Stress Cardiac MRI in Modern Cardiology: EU vs USA
By Chiara Bucciarelli-Ducci,
Chief Executive Officer, Society Cardiovascular Magnetic Resonance (SCMR) and Co-Director, Clinical Research and Imaging Centre, University of Bristol, U.K
Imaging cardiologist Bucciarelli-Ducci is the Academic lead for imaging at the Bristol NIHR Biomedical Research Centre, Co-Director of the Clinical Research and Imaging Centre (CRIC) Bristol, UK and also the Chair of the CMR Section.
Currently, she is the Chief Executive officer of the Society for Cardiovascular Magnetic Resonance, global international society based in the United States.
She was earlier the Vice-President of EACVI (European Association of Cardiovascular Imaging) (2016-2018) and EACVI secretary (2018-2019).
Bucciarelli-Ducci holds a PhD in cardiovascular magnetic resonance (CMR) from National Heart and Lung Institute (NHLI), Imperial College London.
She is passionate about cardiac imaging research & education, and training & mentors the young generation of imagers. She has a deep commitment to advance the field of how imaging can guide and improve patients' care.
Chiara Bucciarelli-Ducci, MD, PhD
Chief Executive Officer, Society Cardiovascular Magnetic Resonance (SCMR) and
Co-Director, Clinical Research and Imaging Centre, University of Bristol, U.K
Cardiac MRI, including stress Cardiac MRI is underutilized in the United States despite the increasing evidence that is changing clinical practice in Europe.
Stress Cardiac MRI has been indicated in Class IA for the investigation of chest pain in the European Society of Cardiology (ESC) guidelines since 2014 (2014 ESC/EACTS Guidelines on myocardial revascularization), similarly to other stress tests such as SPECT, PET and stress echocardiography. The new 2019 “ESC Guidelines for the diagnosis and management of chronic coronary syndromes” maintained the approach of using non-invasive functional imaging for myocardial ischemia (including stress Cardiac MRI) or coronary cardiac CT (newly introduced) as the initial test to diagnose coronary artery disease in symptomatic patients.
There 3 major randomised trails in the most prestigious international medical journals establishing that stress Cardiac MRI has a good diagnostic yield in patients with suspected coronary artery disease reducing unnecessary coronary angiography.
The CE-MARC study (Lancet 2012) demonstrated that in patients with suspected coronary artery disease stress Cardiac MRI has high diagnostic accuracy (sensitivity 86·5%, specificity 83·4%, positive predictive value 77·2%, and negative predictive value 90·5% ) in coronary heart disease with a superior diagnostic performance compared to SPECT. The CE-MARC 2 study (JAMA 2016) showed that in patients with suspected angina, investigation by CMR resulted in a lower probability of unnecessary angiography within 12 months than NICE guideline–directed care.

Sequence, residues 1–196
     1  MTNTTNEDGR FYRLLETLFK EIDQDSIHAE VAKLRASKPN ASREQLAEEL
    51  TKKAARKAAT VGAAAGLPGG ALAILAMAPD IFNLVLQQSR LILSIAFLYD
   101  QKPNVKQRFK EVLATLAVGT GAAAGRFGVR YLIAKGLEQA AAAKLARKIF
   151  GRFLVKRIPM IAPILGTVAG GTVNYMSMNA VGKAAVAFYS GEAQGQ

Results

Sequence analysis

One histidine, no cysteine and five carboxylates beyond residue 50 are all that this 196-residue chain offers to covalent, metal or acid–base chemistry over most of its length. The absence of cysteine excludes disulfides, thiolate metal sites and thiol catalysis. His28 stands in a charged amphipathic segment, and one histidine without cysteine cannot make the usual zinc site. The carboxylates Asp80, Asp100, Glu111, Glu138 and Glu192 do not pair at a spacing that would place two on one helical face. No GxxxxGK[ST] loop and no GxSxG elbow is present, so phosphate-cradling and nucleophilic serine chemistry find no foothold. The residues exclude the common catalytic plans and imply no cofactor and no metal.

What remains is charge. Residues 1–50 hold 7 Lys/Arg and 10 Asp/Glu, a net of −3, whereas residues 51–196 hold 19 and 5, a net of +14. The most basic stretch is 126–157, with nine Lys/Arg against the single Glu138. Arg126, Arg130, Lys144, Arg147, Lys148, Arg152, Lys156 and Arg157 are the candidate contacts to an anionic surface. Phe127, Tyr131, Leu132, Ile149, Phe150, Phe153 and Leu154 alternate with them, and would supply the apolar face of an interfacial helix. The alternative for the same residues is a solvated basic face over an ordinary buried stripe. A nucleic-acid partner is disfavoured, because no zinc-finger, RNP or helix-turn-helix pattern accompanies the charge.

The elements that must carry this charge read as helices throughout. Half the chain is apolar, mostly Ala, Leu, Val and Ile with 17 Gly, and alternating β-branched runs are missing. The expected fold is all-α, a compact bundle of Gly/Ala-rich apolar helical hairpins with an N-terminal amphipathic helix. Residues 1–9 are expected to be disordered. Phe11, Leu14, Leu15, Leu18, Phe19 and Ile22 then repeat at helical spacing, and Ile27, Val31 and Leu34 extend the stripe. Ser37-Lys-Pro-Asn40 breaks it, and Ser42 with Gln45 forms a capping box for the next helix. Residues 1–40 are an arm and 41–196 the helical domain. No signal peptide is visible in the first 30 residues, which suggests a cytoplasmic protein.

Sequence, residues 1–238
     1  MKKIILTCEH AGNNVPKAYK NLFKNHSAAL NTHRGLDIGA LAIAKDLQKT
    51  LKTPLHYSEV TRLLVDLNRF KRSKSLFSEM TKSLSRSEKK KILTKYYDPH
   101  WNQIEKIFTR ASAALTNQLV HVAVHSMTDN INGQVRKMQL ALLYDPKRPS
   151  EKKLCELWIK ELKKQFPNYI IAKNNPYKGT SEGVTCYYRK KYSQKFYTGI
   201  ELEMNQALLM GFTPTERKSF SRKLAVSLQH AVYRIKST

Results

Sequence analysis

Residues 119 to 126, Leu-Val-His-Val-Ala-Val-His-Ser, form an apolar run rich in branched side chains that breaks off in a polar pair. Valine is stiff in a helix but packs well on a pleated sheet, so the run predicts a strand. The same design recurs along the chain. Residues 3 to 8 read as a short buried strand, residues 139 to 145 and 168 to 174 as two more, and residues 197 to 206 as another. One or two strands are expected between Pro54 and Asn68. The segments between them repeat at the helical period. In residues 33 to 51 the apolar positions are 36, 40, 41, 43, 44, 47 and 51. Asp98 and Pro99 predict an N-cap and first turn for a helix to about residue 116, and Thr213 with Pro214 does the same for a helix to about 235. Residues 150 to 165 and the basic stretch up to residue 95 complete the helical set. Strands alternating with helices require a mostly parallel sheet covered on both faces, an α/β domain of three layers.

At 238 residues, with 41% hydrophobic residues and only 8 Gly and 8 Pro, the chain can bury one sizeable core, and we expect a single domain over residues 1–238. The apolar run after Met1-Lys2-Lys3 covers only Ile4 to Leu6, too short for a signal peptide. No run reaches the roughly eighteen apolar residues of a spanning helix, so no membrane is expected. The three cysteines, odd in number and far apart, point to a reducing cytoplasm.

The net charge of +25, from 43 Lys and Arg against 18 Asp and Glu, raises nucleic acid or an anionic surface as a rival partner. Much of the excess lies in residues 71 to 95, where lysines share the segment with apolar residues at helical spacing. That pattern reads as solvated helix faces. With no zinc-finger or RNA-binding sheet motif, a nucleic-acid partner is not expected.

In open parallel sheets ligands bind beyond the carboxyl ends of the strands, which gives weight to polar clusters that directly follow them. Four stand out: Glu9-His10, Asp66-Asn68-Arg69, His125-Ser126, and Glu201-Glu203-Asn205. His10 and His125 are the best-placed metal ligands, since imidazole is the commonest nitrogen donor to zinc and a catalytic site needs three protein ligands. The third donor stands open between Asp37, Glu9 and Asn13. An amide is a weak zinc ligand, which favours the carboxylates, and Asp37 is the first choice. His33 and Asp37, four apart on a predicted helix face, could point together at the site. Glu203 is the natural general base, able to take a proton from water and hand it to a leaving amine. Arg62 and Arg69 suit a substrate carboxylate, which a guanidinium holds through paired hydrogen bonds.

The recent MR-INFORM trial published in the New England Journal of Medicine 2019 has recently shown that adenosine stress cardiac MRI is non-inferior to FFR in the detection of hemodynamically significant coronary stenosis. The study recruited 918 patients with stable angina and risk factors for coronary artery disease who were randomized to 2 management strategies: invasive angiography or a 40-minute cardiac MRI stress perfusion test. A total of 184 of 454 patients (40.5%) in the cardiac-MRI group and 213 of 464 patients (45.9%) in the FFR group met criteria to recommend revascularization (P=0.11). Fewer patients in the cardiac-MRI group than in the FFR group underwent index revascularization (162 [35.7%] vs. 209 [45.0%], P=0.005). In patients with stable angina and risk factors for coronary artery disease, myocardial-perfusion cardiovascular MRI was associated with a lower incidence of coronary revascularization than FFR; also, Cardiac MRI was noninferior to FFR with respect to major adverse cardiac events.
Finally, the Stress CMR Perfusion Imaging in the United States (SPINS) study (JACC 2019) demonstrated in a multicenter U.S. cohort with stable chest pain syndromes stress Cardiac MRI offers effective cardiac prognostication. Moreover, patients without inducible ischemia on stress Cardiac MRI or late myocardial enhancement (myocardial scarring) experienced a low incidence of cardiac events, little need for coronary revascularization, and low spending on subsequent ischemia testing.
As healthcare is moving toward value-based rather than volume-based imaging, Cardiac MRI will play a more prominent role in evaluating and treating patients with ischemic heart disease thanks to its impressive diagnostic and prognostic capabilities, along with its increasingly proven cost-effectiveness.
Cardiac MRI is underutilized in the United States despite the increasing evidence that is changing clinical practice in Europe.
Chiara Bucciarelli-Ducci, MD, PhD